Speaker Independent Speech Separation Using Online Deep Attractor Networks (ODAN)

Yet another speech separation that may be employed (e.g., to facilitate attentional selection processing, or for other objective of purpose) is a speaker independent speech separation using online deep attractor networks (ODAN). ODAN-based processing is configured to automatically separate speakers in mixed audio without any need for prior training on the speakers. The separated speakers are compared to evoked neural responses in the auditory cortex of the listener to determine and amplify the attended speaker. Testing and evaluation results for some of ODAN-based implementations show that auditory attention decoding with automatically separated speakers is as accurate and fast as using clean speech sounds. Moreover, the proposed implementations significantly improves both the subjective and objective quality of the attended speaker. By combining the latest advances in speech processing technologies and brain-computer interfaces, a major obstacle in actualization of auditory attention decoding is addressed that can assist individuals with hearing impairment and reduce the listening effort for normal hearing subjects in adverse acoustic environments.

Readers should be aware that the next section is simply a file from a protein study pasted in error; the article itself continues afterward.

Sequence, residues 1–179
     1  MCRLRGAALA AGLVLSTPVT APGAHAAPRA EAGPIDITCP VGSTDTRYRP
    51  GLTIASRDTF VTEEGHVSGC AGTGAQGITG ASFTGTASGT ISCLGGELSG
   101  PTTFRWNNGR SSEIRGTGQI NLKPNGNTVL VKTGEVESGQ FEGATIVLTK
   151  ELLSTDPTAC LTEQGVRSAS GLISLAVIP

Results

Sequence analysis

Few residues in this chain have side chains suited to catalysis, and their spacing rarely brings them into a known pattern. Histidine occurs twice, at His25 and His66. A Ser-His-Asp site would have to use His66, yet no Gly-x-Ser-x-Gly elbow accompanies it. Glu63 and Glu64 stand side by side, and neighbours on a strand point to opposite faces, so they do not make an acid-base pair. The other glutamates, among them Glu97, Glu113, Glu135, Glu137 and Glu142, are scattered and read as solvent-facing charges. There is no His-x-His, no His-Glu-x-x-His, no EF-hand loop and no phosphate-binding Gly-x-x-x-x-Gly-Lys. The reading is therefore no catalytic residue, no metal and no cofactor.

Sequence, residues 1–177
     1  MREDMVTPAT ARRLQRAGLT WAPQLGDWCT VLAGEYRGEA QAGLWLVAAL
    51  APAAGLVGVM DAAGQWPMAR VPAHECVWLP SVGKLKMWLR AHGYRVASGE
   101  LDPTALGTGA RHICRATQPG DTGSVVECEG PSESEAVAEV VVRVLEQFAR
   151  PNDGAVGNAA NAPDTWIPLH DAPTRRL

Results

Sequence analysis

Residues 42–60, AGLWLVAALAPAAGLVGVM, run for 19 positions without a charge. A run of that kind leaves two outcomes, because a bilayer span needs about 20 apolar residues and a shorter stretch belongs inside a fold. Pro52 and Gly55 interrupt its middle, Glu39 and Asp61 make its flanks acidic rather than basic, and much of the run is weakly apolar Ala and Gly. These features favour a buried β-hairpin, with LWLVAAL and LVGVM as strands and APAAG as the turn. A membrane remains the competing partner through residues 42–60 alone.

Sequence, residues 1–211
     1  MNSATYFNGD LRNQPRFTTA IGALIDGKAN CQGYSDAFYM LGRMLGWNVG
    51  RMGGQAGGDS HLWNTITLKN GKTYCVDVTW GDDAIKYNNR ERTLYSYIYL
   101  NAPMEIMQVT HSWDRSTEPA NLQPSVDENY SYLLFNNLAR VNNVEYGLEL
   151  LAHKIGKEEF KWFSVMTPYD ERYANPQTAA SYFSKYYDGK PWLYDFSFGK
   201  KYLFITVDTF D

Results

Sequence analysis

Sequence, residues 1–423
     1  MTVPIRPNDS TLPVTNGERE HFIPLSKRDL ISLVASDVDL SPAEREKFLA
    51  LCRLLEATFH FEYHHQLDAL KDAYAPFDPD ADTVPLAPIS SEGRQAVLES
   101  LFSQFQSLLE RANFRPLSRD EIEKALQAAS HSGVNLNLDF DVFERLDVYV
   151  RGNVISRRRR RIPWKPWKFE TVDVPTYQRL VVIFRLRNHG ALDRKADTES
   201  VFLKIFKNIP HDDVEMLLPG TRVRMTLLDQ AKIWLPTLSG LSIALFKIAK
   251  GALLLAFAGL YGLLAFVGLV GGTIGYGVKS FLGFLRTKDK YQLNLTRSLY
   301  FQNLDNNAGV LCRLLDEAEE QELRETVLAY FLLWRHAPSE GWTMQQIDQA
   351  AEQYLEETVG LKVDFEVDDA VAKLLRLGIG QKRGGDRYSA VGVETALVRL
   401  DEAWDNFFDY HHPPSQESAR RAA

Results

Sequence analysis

Thus, in some of the implementations described herein, a causal, speaker-independent automatic speech separation approach is proposed that can be generalized to unseen speakers, meaning that the separation of speakers can be performed without any prior training on target speakers. As discussed earlier, one approach to speech separation is based on deep attractor networks (DAN, also discussed herein with respect to FIGS. 10-13), which performs source separation by projecting the time-frequency (spectrogram) representation of a mixed audio signal into a high-dimensional space in which the representation of the speakers becomes more separable. Compared to some alternative speaker independent approaches, DAN is advantageous in that it preforms an end-to-end separation, meaning the entire process of speaker separation is learned together. However, in some situations, DAN-based implementations perform noncausal speech separation, meaning that the procedures require an entire utterance to perform the separation. In real-time applications, such as in a hearing device, a causal, low-latency procedure is desirable to prevent or inhibit perceivable distortion of the signal. Thus, in some embodiments, the problem of speaker-independent AAD may be handled without clean sources by using an online implementation of DAN (online deep attractor network, ODAN) to automatically separate unseen sources. The proposed AAD framework enhances the subjective and objective quality of perceiving the attended speaker in a multitalker mixture.